By Roxana Tiron - 07/30/09 07:47 PM EDT
The bill, passed on a 400-30 vote, does meet Obama’s demand to cap the F-22 fighter jet program, something he personally lobbied for. But the measure still contains funding for two programs that have drawn veto threats from the administration.
In particular, the White House this week threatened to veto the bill over $560 million for an alternate engine for the F-35 Joint Strike Fighter as well as $485 million for new helicopters to fly the president on short trips from the White House. The Obama administration did not request funding for either program.
Obama had promised in a personal letter to lawmakers to veto any defense bill that contained funding to continue the production of the F-22, insisting it be capped at 187 aircraft.
Defense appropriators initially included $369 million for parts to build 12 more of the radar-evading jets after 2010 - the same amount in the 2010 defense authorization bill already approved by the House.
The Pentagon spending bill is the last of the 12 appropriations bills for the House to approve. The last time the House passed all 12 spending bills was in 2007. Last year, the appropriations bills stalled because Democratic House leaders and President George W. Bush couldn’t agree on discretionary spending levels. The impasse prompted Democrats to delay consideration of most appropriations bills until Obama was sworn in to office.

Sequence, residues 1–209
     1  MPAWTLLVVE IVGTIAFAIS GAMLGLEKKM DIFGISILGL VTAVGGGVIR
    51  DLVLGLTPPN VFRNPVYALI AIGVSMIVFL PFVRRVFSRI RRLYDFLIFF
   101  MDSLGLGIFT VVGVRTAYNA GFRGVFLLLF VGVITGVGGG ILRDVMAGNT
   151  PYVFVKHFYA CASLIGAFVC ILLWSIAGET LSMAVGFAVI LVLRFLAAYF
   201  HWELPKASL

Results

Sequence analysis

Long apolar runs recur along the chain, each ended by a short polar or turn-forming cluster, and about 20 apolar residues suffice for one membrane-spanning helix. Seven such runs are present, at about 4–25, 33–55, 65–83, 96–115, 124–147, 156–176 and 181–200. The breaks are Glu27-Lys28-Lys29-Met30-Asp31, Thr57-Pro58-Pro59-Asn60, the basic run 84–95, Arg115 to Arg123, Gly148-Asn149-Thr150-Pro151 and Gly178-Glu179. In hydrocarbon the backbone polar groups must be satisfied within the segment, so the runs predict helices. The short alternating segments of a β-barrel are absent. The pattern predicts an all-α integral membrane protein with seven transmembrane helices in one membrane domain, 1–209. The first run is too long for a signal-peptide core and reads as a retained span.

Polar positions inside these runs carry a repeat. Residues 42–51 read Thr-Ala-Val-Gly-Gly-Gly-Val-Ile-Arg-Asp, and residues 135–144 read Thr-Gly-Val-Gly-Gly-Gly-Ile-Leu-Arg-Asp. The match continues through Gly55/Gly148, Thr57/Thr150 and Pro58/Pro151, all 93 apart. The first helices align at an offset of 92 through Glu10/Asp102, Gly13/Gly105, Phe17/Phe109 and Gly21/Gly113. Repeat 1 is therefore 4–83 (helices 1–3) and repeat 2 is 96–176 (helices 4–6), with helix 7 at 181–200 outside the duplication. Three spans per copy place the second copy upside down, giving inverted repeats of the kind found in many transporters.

Both House and Senate appropriators are aiming to get the appropriations bills for next year to the president and signed into law by the start of the fiscal year, Oct. 1. That hasn’t happened since 1994. But Congress will be hard-pressed to break that trend this year, as the Senate has passed only three of the dozen spending measures so far and has a legislative agenda likely to be dominated by healthcare reform until October.
Walter Alarkon contributed to this article.